The Sloan Digital Sky Survey

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Session 44 -- The Status of Large Telescope Projects, Instrumentation and Plans for Large Science Projectects in the Areas of Wide-Field Surveys
Oral presentation, Wednesday, June 14, 1995, 2:00pm - 5:30pm

[44.05] The Sloan Digital Sky Survey

James E. Gunn (Princeton University)

The Sloan Digital Sky Survey (SDSS) plans to produce an archive of digital images and spectra over about 10,000 square degrees of the sky. The survey is designed to provide a reference view of the Universe out to z~0.1, by producing a database of precise coordinates, image profiles, and intensities in five bands of galaxies, QSO's, and selected stars. The database will be particularly useful for studies of large scale structure at low redshift, using galaxies, and at high redshift, using QSO's and QSO absorption lines.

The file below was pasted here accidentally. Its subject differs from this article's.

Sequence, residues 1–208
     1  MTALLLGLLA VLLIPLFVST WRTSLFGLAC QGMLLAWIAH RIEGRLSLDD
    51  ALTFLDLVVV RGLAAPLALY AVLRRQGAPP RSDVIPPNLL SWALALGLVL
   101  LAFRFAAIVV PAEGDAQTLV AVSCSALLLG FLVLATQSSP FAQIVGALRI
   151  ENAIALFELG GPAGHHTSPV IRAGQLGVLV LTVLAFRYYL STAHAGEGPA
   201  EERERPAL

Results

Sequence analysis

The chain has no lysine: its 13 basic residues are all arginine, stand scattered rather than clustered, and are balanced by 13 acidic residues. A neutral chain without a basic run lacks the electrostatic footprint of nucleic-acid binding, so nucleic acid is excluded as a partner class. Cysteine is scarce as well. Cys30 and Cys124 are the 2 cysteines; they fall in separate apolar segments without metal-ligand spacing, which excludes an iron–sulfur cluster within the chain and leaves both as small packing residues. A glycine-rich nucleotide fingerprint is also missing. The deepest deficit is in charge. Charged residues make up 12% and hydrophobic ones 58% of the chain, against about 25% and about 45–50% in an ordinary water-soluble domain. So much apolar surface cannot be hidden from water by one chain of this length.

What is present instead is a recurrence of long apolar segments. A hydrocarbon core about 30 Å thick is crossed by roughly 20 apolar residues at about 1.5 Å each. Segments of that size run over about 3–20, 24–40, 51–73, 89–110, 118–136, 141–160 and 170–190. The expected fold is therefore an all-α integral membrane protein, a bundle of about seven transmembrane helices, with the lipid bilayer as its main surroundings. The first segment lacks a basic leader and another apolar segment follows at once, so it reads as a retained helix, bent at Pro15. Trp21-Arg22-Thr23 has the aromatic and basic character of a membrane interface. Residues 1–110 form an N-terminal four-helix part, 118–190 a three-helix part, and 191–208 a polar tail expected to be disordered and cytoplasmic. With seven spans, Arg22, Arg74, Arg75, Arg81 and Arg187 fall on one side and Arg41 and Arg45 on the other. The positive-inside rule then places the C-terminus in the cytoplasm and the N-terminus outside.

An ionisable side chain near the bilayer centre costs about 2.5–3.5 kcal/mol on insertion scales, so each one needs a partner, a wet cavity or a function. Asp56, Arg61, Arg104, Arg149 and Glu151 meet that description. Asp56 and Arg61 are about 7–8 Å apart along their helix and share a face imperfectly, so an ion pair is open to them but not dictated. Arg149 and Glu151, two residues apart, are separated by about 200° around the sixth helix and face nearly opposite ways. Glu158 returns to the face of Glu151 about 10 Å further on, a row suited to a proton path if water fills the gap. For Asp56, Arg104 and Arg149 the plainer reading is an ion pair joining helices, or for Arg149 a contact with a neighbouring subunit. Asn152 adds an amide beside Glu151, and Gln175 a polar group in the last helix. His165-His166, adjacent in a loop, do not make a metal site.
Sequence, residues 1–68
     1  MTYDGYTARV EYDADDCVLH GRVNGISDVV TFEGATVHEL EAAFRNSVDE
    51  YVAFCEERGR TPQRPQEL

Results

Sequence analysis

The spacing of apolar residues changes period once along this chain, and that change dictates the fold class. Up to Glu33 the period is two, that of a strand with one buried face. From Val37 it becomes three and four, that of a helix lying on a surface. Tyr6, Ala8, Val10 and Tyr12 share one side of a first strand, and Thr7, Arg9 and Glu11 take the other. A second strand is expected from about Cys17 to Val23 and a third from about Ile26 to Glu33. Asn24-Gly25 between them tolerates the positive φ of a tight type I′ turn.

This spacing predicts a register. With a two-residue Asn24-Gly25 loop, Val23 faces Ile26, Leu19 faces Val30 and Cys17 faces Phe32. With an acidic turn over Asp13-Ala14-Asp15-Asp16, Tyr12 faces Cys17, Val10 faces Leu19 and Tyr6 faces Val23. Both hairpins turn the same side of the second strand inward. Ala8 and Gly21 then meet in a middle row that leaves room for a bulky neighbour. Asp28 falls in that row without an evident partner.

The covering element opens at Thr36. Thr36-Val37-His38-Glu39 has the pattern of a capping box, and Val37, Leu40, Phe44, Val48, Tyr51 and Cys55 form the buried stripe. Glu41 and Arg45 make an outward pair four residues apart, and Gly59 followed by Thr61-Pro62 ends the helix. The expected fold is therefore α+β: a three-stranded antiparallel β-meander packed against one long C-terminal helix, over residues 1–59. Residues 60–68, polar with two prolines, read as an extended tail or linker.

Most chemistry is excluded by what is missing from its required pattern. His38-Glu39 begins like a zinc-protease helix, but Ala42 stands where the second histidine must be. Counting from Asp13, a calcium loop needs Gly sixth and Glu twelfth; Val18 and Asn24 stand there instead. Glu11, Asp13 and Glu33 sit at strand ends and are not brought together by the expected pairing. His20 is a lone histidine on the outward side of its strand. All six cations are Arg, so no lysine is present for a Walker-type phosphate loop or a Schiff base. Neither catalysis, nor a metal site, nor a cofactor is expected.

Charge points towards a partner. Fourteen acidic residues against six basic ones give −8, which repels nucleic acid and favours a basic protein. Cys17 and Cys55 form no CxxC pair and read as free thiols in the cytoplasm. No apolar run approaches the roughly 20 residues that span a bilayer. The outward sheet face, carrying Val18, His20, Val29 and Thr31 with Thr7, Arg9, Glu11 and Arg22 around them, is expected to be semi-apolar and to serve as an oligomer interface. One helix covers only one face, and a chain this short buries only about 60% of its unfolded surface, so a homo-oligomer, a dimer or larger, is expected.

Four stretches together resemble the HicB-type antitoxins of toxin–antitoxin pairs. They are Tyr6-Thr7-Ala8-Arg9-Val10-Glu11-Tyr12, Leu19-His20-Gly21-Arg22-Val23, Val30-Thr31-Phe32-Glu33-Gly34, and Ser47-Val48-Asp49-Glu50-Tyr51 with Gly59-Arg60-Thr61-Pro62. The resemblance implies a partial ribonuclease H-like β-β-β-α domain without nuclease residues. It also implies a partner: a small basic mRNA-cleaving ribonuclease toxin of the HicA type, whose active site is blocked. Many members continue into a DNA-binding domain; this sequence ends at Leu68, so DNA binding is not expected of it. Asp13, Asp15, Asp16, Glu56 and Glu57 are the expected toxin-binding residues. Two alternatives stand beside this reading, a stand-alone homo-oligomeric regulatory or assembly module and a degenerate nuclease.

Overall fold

The hardware for the survey consists of a 2.5 meter telescope of novel design, with a three degree field of view; a CCD camera, containing 30 CCD's of 4 million pixels each, arranged and filtered to give coverage of 0.3 square degrees of sky per minute in each of five color bands; two, fiber-fed, double spectrographs with a resolving power of 2000, arranged to yield 640 spectra simultaneously; and a 24 inch auxiliary telescope used to derive extinction coefficients and establish secondary flux standards in conjunction with the main survey. The magnitude limit is about 23 for imaging (5 standard deviation significance) and about 19 for spectroscopy.

Drift scanning with the photometric camera will be done on the best nights. The processed data will be reduced in near real time and used to select objects for the spectroscopic survey, to be done on the remaining clear, dark nights. In five years, we expect to obtain spectra of 1 million objects and images of over 100 million objects. The survey will cover pi contiguous radians above +30 degrees Northern Galactic latitude and about 0.1 steradians, parts to a greater depth, in the Southern hemisphere.

Partners in the project are the University of Chicago, Fermi National Accelerator Laboratory, the Institute for Advanced Study, the Japanese Participation Group, the Johns Hopkins University, Princeton University, the U.S. Naval Observatory, and the University of Washington.

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